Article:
MEG maintains hydrates-free production at Laggan-Tormore

Production of gas-condensate from the Laggan and Tormore fields has performed largely as expected since start-up in late January.

Nov 9th, 2016
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Jeremy Beckman

Editor, Europe

Production of gas-condensate from theLaggan and Tormore fields has performed largely as expected since start-up in late January. As with any deepwater subsea tieback involving transportation of liquids-rich gas, the facilities must be protected against hydrate formation and wax build-up. This project presented special challenges as the UK’s longest and deepest-water tieback to date - over 600 m (1,968 ft) - and in the harsh environment west of Shetland.

Total operates the two fields in partnership with DONG Energy and SSE. The fields, containing an estimated 1 tcf of gas, plus 33 MMbbl of condensate, are currently producing over 90,000 boe/d from five wells, four on Laggan and one on Tormore, each equipped with a subsea multiphase flowmeter. A six-slot, 900-metric ton (992-ton) manifold/template on each field is connected to two 143-km (89-mi), 18-in., multiphase pipelines that transport the wellstream to the new Shetland Gas Plant (SGP) at Sullom Voe. From the SGP, monoethylene glycol (MEG) is supplied to the wells through a 143-km, 8-in. carbon steel line, with control and power for the subsea production system provided by an umbilical. Following processing at SGP, the gas heads through the SIRGE export pipeline through the North Sea to eastern Scotland.

According to David Hainsworth, Operations Manager for Total E&P UK, the gas-condensate ratios for the two fields are different, with Tormore’s condensates being a little more waxy. There are also differences in water chemistry between the fields, so Total tailored the MEG injection system to accommodate a range of fluid compositions for these and other satellite fields in the area.

Among this group, also operated by Total, are the 140-bcf Edradour, due to come onstream late next year via a single subsea well, a 16-km (9.9-mi) export pipeline and a 6-km (3.7-mi), 2-in. MEG service line connected to theLaggan-Tormore infrastructure; and the 38-bcf Glenlivet, a two-well tieback to be connected via a 35-km (21.7-mi) export pipeline, an 18-km (11.2-mi), 6-in. line importing MEG from the Edradour manifold, and a 19.2-km (12-mi) umbilical from Edradour. Glenlivet could start production next summer.

Seawater temperatures along the route of the pipelines can dip to -1°C (30°F), cold enough for the wellstream to crystallize into hydrates, leading to subsequent blockages. MEG is therefore injected continuously into the subsea wellheads at a rate of 17 cu m/hr (600 cf/hr), with the returning MEG separated from the incoming hydrocarbons at the SGP. Waste heat recovered from the gas turbine power generation systems and compressors at the site is used to drive the process.

The expanded Laggan-Tormore network, following tie-ins of Glenlivet and Edradour. (Courtesy Total)

“The rate of MEG injection is fairly constant,” Hainsworth said. “What we’re doing is optimizing what we’re injecting. At the Shetland Gas Plant, there is also some water in the wellstream that needs to be stripped out, although not so far formation water due to reservoir breakthrough. However, the system is also designed to deal with this eventuality and any associated salinity.”

Cameron designed the MEG treatment/regeneration equipment, which is an adaptation of the company’s proprietary technology. Total engineers monitor the system: at present, a Cameron technician is on hand at the site under a maintenance agreement, but as Total’s team becomes more familiar with how the system works, this will switch to a service agreement.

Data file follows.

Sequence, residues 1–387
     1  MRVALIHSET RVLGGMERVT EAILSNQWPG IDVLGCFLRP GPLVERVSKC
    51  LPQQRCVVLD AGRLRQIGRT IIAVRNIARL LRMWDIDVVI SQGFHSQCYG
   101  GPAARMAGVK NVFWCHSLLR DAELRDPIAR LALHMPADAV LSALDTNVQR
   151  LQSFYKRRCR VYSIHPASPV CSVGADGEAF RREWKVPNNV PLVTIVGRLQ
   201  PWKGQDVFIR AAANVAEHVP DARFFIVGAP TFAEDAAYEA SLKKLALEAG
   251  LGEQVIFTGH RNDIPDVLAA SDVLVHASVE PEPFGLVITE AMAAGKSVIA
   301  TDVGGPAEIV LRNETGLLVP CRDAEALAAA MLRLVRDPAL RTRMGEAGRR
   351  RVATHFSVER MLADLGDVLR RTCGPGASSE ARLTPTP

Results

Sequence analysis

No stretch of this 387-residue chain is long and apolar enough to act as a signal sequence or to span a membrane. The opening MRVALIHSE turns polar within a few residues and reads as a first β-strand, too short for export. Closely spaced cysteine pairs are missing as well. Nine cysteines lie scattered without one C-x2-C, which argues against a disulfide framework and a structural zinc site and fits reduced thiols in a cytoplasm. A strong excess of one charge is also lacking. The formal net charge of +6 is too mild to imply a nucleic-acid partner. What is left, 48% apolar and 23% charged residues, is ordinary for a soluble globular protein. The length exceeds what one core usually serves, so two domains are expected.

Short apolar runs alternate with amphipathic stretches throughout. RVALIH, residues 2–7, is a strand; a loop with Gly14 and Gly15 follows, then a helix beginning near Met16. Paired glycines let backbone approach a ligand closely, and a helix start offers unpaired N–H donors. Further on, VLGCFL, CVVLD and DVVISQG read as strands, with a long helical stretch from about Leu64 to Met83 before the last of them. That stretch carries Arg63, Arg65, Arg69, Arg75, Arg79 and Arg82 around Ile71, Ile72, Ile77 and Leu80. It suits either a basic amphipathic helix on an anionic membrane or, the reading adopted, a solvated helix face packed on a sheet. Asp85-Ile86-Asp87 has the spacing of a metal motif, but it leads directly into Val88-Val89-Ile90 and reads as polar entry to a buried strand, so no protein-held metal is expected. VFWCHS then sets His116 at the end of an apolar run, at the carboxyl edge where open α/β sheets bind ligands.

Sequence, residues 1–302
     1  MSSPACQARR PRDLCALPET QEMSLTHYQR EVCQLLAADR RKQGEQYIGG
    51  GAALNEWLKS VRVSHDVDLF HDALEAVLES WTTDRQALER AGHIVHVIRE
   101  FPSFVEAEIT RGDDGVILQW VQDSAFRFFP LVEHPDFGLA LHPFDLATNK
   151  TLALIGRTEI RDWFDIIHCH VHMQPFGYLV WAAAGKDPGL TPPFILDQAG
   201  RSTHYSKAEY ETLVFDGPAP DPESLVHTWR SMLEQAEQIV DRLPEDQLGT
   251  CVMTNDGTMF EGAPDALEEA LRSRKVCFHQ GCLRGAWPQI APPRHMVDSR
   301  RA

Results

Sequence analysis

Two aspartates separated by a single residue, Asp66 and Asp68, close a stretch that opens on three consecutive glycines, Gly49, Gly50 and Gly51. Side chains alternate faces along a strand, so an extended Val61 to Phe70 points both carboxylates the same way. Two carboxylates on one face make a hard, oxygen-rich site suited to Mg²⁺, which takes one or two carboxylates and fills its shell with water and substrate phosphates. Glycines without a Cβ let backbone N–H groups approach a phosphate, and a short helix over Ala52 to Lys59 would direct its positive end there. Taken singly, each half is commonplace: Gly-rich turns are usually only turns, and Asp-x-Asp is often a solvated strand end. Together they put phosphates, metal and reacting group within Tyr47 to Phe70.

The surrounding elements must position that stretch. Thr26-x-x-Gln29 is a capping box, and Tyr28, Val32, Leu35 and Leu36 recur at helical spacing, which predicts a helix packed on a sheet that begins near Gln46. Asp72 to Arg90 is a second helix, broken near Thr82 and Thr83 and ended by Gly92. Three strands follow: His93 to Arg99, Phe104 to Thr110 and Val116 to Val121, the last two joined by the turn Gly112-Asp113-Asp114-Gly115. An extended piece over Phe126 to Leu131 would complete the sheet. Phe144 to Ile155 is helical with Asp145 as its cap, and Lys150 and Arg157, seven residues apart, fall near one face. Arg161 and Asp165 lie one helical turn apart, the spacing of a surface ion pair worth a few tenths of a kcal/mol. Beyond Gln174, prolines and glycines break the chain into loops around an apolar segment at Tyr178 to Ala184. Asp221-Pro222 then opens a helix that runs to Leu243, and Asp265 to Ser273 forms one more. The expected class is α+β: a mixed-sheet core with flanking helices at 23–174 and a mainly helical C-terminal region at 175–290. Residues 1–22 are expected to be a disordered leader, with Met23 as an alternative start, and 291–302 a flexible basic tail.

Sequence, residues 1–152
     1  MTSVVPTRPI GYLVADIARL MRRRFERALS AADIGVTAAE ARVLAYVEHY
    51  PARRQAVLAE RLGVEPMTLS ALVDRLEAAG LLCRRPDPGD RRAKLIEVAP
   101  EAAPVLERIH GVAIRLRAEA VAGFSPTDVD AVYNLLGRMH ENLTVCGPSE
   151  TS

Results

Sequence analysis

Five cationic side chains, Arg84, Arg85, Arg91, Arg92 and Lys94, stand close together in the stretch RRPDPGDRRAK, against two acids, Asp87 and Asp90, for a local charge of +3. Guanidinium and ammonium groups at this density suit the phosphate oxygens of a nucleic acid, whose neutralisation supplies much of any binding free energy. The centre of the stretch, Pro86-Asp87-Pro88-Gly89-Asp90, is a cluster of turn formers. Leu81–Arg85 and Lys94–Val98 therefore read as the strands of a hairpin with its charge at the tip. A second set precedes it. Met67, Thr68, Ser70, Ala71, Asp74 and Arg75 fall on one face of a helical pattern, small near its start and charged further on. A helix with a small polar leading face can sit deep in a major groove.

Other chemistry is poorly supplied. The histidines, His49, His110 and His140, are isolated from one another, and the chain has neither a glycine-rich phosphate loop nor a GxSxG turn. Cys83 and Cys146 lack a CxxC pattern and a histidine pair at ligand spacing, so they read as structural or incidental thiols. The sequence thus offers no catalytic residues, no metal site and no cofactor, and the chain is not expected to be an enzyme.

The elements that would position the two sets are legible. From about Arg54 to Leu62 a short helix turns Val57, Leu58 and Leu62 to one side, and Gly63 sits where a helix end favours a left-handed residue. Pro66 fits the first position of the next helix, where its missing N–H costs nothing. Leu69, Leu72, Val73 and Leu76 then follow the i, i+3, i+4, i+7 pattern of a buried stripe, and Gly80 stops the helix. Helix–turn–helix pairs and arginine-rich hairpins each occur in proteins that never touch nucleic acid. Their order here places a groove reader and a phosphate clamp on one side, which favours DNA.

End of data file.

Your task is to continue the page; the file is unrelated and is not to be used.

“By having MEG in the pipeline system we are protected permanently against hydrates,” Hainsworth said. “We also perform pigging runs every three months through the export lines to check for any wax build-up. So far we’ve encountered very little wax, but we do have a mechanism for injecting wax inhibitor if needed. When we pig the lines, following a temporary production shutdown, all the liquids are emptied back to the SGP and any incoming liquid MEG slugs are sent to storage tanks. Regenerating MEG after a pigging run typically involves a 10-day turnaround.”

In addition to MEG, Total investigated alternative injection methods using methanol, or kinetic hydrate inhibitors with another chemical. Trace heating for the pipelines was discounted as not being a fully proven technology, with only limited deployments. “We performed a screening study and decided that MEG gave us the optimal flexibility going forward,” Hainsworth said. “We have a hub and the infrastructure, and this technique gave us the flexibility we need for future tie-ins.”

For the virtual flow assurance modeling, Total used Schlumberger’s established dynamic multiphase flow simulation tool OLGA. For the pipeline management system, however, the company developed a multiphase model to optimize its pigging requirements using LedaFlow, the first time the software has been integrated into a PMS anywhere, Hainsworth claimed. LedaFlow, developed by SINTEF, Kongsberg, Total, and ConocoPhillips over the past 15 years, is a transient multiphase flow simulator designed for various types of flow assurance studies, including slug-capture prediction. It is said to provide more refined mathematical representations, leading to improved understanding of the multiphase flows.

Laggan-Tormore is important to Total as the company’s first deepwater long gas tieback, but the company has other opportunities around the world where hydrate inhibition will be needed, Hainsworth noted.

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